The Dow trended down on Tuesday, Cramer told viewers, because all the wrong stocks went up.
Not that a loss of just 16 points is a big deal. But the action in certain stocks took the steam out of the rally we’ve enjoyed since early March. This trend needs to reverse, Cramer said, if we are to continue our move higher.
So what happened? Wall Street favored food and drug stocks today. Kraft reported strong earnings, and that set in motion a buying spree in Molson Coors – another earnings winner – Heinz and Campbell. The pharma firms followed closely behind, as Eli Lilly, Johnson & Johnson, Bristol-Myers Squibb, Pfizer and Abbott Labs all rallied. So, too, did Celgene.
The problem is that the money generated from the massive selling of these stocks that we’ve seen for the past eight weeks had been pouring into oil, tech and the banks. These were the rally leaders upon which the market depended for the big move. Without cash flowing steadily into these names, the momentum petered out. Poor earnings from Chesapeake Energy didn’t help, either. Nor did Morgan Stanley’s downgrade of Anadarko Petroleum and Devon Energy. These two events killed an under-the-radar move by natural gas stocks that had been one part of the overall rally.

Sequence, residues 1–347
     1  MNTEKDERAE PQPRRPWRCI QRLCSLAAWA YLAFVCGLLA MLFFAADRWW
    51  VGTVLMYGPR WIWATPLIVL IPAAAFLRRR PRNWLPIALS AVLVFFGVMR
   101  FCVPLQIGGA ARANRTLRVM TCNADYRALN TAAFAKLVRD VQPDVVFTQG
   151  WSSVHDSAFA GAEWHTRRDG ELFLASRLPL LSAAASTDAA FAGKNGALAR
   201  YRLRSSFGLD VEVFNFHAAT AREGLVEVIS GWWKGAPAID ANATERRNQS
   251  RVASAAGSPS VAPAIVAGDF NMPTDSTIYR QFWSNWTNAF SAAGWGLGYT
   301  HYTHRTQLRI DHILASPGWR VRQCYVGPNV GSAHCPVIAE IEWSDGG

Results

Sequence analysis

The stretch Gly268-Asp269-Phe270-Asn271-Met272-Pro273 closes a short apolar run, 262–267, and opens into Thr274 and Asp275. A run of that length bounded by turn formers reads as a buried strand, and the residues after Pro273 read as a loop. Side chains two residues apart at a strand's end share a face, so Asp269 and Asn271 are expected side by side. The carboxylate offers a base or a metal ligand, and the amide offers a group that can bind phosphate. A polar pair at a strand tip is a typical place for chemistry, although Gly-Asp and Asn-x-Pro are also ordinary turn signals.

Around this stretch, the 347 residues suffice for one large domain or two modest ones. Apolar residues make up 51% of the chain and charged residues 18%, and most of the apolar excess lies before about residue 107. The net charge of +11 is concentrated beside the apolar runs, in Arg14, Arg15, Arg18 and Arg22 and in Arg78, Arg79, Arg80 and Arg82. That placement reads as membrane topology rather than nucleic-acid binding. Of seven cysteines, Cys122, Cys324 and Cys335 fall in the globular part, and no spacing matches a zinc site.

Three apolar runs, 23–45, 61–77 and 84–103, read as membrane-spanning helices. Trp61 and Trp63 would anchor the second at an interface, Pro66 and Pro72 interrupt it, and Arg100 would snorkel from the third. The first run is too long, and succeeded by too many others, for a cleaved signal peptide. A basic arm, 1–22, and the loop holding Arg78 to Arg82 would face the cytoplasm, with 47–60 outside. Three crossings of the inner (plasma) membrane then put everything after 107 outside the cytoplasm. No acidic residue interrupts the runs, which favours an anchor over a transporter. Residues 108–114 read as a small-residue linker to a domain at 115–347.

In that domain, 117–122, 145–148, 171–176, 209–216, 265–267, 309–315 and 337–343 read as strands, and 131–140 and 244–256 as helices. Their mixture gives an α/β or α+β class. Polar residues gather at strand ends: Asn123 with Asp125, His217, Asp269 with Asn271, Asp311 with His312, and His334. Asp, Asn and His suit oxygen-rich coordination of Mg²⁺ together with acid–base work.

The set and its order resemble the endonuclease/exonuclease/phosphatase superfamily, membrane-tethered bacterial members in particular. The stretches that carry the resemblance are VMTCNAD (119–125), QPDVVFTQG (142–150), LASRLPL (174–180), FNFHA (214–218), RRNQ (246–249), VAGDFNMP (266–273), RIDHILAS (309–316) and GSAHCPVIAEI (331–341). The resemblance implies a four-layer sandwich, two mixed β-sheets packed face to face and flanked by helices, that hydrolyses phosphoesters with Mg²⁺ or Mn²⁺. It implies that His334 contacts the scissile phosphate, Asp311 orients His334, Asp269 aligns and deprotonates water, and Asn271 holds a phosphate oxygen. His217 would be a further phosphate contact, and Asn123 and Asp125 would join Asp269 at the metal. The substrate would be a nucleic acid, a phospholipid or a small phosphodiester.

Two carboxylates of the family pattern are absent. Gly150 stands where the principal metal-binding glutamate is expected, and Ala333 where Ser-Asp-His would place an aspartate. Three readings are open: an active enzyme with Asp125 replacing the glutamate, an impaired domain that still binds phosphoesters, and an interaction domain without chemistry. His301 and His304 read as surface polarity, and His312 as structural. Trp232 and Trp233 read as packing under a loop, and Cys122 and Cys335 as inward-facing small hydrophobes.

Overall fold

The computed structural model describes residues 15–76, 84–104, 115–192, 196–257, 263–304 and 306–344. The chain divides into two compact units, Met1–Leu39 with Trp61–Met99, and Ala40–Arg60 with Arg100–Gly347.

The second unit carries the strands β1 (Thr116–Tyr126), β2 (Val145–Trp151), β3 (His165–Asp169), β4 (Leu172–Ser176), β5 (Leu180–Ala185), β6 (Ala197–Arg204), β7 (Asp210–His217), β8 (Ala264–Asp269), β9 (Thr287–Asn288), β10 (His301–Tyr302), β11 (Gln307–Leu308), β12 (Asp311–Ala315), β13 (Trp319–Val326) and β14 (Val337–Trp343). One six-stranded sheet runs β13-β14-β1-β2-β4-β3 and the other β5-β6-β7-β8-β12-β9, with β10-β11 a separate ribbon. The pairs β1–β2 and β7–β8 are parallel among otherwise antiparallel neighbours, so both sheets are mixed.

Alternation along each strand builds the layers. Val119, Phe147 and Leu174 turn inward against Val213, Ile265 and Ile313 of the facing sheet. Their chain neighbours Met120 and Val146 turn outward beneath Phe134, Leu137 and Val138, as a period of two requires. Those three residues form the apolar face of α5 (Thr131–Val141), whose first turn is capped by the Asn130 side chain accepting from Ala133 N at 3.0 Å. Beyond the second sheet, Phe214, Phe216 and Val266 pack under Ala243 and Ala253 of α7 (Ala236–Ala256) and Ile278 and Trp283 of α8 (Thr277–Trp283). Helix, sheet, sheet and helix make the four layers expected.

But it wasn’t all bad today. Research in Motion was up on increased earnings estimates, and Apple is still going strong. As are Amazon and Google. And late-day rallies in the coppers and the coals pushed us to a higher close than we otherwise would have had. Also, Disney reported a great quarter after the bell, so that bodes well for Wednesday’s open.
The bottom line, though, is that we need selling to return to the food and drug stocks in order for this rally to resume, Cramer said. Without broad-based support from retail investors, hedge funds and mutual funds, the upside won’t happen any other way.
Cramer's charitable trust owns Abbott Labs and Celgene.
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